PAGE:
Based target costing

This costing system is used in target costing, product costing, product line profitability analysis, customer profitability analysis, and service pricing. It is also hugely popular since organizations can develop a much better corporate focus and strategy if costs are better grasped.

Based target costing

Once an idea price point is established, you set an ideal profit margin. Your profit goals show the necessary cost basis, or target cost, you must achieve when developing the product. This is a common financial technique, and it can especially benefit small producers and resellers trying to compete in the marketplace.

Cost Optimization A primary advantage of target costing is that it allows you to analyze the best way to make or acquire products at the lowest costs.

Cost vs. Price

Minimizing costs is a common financial goal of any small business, regardless of whether they offer high, medium or low prices.

Minimizing costs gives a small company financial flexibility to focus on achieving high profit margins or to enter the market at low price points to attract a large customer base.

Systematic Target costing is a much more formal and systematic way to focus on cost optimization than other less-formal approaches often used by small businesses.

It requires more time to go through a systematic approach like this, but the results are typically more fine tuned. Target costing involves consideration of all equipment, processes, labor and materials needed to make goods, or the costs to acquire goods and get them ready to sell to your customers.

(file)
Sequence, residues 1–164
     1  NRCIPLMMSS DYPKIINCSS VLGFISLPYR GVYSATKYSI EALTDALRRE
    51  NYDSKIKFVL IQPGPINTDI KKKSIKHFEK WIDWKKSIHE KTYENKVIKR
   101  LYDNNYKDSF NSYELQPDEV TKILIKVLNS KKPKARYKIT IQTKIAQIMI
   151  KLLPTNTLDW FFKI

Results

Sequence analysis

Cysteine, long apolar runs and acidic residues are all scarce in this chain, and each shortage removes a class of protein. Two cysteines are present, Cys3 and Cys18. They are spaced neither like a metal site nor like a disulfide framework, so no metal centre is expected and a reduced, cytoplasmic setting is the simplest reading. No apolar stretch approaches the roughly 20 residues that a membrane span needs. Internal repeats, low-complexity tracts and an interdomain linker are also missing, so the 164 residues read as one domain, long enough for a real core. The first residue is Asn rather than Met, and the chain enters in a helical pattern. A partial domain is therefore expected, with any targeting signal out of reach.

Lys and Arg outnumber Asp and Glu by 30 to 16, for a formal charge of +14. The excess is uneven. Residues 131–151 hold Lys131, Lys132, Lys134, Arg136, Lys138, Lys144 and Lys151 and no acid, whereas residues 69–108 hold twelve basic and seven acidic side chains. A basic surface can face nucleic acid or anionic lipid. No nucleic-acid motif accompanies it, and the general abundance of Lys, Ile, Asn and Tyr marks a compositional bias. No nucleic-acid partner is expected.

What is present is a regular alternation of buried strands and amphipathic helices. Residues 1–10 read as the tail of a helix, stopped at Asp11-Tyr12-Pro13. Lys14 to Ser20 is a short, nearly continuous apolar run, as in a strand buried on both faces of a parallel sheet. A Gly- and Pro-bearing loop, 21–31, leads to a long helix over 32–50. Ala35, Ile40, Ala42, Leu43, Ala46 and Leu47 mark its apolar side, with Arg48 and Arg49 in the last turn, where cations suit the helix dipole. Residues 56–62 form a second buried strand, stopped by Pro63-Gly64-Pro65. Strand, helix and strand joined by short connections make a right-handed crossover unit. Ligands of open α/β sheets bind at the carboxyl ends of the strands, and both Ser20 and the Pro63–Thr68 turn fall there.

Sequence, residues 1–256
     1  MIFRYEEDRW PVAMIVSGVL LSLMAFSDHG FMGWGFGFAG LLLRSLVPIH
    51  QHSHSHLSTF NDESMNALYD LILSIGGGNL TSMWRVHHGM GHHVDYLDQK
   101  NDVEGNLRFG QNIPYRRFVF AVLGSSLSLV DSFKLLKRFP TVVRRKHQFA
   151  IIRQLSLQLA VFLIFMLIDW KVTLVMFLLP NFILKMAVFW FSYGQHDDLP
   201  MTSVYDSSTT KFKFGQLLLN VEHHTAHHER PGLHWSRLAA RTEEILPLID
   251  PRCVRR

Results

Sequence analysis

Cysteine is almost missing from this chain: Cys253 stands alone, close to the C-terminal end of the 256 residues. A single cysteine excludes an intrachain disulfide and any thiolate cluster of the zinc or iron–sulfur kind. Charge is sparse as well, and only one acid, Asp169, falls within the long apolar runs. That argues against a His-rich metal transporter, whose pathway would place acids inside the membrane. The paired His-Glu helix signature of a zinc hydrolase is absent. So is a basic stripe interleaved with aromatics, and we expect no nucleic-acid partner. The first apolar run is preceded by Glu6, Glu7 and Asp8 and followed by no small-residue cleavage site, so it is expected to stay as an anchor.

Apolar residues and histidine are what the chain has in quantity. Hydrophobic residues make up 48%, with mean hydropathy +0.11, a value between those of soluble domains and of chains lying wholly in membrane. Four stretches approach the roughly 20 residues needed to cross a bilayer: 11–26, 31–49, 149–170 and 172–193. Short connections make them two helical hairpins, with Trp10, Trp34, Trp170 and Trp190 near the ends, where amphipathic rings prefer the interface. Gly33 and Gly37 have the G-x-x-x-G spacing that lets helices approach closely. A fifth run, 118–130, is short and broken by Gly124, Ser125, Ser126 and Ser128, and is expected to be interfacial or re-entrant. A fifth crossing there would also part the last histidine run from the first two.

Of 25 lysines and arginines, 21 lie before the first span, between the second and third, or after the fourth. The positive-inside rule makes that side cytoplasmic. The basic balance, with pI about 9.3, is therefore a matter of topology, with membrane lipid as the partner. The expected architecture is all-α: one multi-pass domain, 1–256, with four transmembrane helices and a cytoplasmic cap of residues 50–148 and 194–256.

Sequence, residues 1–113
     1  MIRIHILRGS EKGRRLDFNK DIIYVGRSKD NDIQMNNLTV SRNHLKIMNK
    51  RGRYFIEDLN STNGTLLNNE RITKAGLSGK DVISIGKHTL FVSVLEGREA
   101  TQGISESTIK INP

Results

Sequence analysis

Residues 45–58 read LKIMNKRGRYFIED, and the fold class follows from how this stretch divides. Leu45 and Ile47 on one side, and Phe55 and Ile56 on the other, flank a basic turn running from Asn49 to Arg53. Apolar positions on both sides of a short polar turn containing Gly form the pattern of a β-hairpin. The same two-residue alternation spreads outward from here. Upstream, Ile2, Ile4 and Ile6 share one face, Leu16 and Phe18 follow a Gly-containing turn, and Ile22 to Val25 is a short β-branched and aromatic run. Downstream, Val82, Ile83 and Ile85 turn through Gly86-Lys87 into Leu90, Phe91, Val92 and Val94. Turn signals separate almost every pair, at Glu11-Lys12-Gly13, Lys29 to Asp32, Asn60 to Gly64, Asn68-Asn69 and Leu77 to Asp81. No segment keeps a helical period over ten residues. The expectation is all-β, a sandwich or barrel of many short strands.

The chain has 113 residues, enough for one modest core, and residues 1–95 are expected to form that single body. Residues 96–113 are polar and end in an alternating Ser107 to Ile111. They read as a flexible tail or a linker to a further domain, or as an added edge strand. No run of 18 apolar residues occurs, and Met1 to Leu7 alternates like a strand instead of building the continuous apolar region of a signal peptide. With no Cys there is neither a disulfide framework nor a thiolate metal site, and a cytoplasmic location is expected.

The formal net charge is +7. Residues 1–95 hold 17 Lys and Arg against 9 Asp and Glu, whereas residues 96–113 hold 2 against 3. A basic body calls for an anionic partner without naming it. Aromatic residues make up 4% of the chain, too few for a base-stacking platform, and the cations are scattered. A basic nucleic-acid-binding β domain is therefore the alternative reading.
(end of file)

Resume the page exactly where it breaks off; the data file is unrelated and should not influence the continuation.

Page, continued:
Reduced Development Cycle A point of emphasis in reducing costs with target costing is minimizing product cycle time. This is the amount of time it takes from conception to market-ready product. A shorter cycle time is a competitive advantage as well, since you can present your product to the market sooner, perhaps as the first mover.

It takes into account both factors in profit: Many companies start by developing products and base pricing on costs. By starting with market pricing first, you help ensure that you end up with a product that has benefits and a price point customers will value. In essence, you achieve the optimal price-to-cost relationship possible for your products.

Target Costing About the Author Neil Kokemuller has been an active business, finance and education writer and content media website developer since He has been a college marketing professor since Kokemuller has additional professional experience in marketing, retail and small business.This costing system is used in target costing, product costing, product line profitability analysis, customer profitability analysis, and service pricing.

It is also hugely popular since organizations can develop a much better corporate focus and strategy if costs are better grasped. TARGET COSTING AND ACTIVITY BASED COSTING.

TARGET COSTING Target costing is the process of determining the maximum allowable cost for a new product and then developing a prototype that can be profitably made for that maximum target cost figure.5/5(2). Target costing is a system under which a company plans in advance for the price points, product costs, and margins that it wants to achieve for a new product.

Automotive & Transportation

If it cannot manufacture a product at these planned levels, then it cancels the design project entirely. With target costing, a management te. Target costing is an approach in which companies set targets for its costs based on the price prevalent in the market and the profit margin they want to earn.

Based target costing

Keeping its costs below the relevant targets helps the company generate profit. Target costing is a reverse process where companies compare the potential intended benefits of a product or solution with the optimal market price.

Once an idea price point is established, you set. Activity-based costing is a system that tallies the costs of overhead activities and assigns those costs to products. This costing system is used in target costing, product costing.

Target Costing | Formula | Example